• all the New Age fluffy-bunny, crystal-wanded, beaded-feather, would-be “shamans”?
  • some, all or none of those who belong to Mesopagan (mixed polytheistic and mono-/non-theistic) groups, such as Santerians, Voudounists, Native American Religionists, Mexican Catholics, Celtic/Norse/Baltic/Slavic racialists, Hindus, or Mahayana Buddhists?
  • some, all or none of the (extremely rare) surviving Paleopagan traditions?
  • everyone who loved “The Mists of Avalon”?
  • everyone who has purchased three or more books by Scott Cunningham, Silver RavenWolf, or Patricia Telesco (the entry-authors for many Neopagans in the last ten years)?
  • everyone who regularly buys Wiccan and other Neopagan books?
  • all or most of the people who regularly or occasionally post comments in Pagan newsgroups or in Pagan topics on America Online?
  • all or most of the people who regularly or occasionally participate in Pagan chats online?
  • some, all or none of the “tree-hugging environmentalists” who talk about Gaia/Mother Nature?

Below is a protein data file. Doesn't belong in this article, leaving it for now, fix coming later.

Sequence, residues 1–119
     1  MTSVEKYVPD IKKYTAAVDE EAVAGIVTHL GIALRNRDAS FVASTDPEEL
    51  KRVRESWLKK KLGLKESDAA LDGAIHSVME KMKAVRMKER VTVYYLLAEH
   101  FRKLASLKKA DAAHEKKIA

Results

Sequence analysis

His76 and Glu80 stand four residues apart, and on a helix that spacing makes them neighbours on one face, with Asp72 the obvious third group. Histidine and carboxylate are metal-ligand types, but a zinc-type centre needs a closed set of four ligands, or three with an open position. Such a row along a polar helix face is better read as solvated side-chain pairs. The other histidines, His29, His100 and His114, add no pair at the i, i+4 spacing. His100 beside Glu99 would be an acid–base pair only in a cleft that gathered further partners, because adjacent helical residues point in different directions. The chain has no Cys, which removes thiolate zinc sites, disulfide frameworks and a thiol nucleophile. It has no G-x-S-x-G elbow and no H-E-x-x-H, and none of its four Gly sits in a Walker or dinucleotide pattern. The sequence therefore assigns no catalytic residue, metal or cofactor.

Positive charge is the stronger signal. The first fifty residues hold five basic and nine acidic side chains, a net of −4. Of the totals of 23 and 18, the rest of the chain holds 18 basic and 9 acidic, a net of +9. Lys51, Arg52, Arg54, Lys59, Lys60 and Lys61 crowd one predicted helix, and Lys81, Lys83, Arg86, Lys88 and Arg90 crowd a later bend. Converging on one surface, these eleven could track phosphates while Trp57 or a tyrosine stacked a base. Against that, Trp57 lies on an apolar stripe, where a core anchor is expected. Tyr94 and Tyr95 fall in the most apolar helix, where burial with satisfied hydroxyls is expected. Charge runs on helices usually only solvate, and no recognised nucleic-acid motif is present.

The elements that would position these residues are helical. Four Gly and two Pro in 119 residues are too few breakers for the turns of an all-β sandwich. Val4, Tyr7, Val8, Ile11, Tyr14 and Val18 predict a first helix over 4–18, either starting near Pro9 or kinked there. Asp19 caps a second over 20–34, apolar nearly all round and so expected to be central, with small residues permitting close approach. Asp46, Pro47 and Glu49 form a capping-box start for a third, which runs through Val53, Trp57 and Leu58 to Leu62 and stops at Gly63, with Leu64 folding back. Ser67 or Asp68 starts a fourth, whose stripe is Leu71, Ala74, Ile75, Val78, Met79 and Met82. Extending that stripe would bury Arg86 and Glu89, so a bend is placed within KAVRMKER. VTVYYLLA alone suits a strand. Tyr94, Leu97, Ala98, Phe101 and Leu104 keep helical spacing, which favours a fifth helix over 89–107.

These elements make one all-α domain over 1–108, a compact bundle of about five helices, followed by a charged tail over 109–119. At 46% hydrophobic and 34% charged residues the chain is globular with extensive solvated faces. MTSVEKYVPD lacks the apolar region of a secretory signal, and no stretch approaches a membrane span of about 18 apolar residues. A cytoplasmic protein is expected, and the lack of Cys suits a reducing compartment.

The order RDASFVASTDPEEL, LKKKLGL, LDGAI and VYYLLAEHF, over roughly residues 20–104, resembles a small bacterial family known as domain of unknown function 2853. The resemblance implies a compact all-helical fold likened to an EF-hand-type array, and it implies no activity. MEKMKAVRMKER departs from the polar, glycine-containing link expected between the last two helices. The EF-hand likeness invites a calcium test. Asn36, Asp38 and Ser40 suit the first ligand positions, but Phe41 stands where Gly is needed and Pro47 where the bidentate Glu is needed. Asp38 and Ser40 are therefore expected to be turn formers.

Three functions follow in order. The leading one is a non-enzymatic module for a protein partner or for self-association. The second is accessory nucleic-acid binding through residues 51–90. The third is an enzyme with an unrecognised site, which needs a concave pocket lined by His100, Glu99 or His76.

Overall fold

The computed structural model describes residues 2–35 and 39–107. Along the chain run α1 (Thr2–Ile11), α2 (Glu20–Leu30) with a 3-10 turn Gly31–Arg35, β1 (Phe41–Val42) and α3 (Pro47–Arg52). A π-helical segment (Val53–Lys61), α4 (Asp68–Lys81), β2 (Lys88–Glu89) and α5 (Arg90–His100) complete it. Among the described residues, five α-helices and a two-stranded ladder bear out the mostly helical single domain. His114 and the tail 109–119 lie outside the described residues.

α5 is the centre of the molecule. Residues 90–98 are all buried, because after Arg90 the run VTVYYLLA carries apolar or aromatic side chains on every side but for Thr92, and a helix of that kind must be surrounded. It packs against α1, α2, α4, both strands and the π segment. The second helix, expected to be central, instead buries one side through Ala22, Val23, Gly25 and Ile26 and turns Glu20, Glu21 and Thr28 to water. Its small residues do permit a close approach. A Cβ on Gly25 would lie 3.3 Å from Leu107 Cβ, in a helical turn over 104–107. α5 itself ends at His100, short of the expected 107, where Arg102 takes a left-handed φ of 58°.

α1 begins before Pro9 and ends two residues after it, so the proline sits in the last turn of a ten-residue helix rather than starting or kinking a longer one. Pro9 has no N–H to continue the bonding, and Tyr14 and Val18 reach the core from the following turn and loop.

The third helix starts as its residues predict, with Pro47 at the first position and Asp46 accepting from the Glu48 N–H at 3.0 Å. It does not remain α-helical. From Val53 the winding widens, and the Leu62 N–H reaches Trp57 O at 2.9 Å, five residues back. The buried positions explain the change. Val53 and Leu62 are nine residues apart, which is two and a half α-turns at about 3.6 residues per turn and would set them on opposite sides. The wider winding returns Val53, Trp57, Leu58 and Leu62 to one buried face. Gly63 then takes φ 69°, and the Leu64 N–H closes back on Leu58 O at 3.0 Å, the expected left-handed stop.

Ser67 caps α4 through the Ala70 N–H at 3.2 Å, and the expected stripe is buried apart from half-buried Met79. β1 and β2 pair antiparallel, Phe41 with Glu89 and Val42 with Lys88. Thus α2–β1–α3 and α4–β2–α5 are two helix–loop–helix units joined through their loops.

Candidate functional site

• those children who call themselves Pagan? At what age (birth or later)?
  • those kids whose parents are Pagan but who haven’t yet decided if they want to be Pagan themselves?
  • those self-defined Pagans who are very devout, moderately devout, slightly devout or downright casual in their beliefs and practices?
  • those who formally declare their agreement with particular Pagan doctrines? Whose doctrines, in which phrasings?

Once we’ve decided what sorts of people we’re going to count, which ones living where do we count?

  • just those who live in the U.S.A. (and/or Canada)?
  • just those in the English speaking world?
  • any of them living anywhere on the planet?

When our counts take place is another issue. Obviously, a live population count always takes place in the present. Yet historians may well wish to estimate numbers of previous populations, and some other academics may want to design long-term demographic studies that begin now and are repeated at regular intervals in the future. Extending our counts from the past through the present and on into the future can provide useful information on growth trends.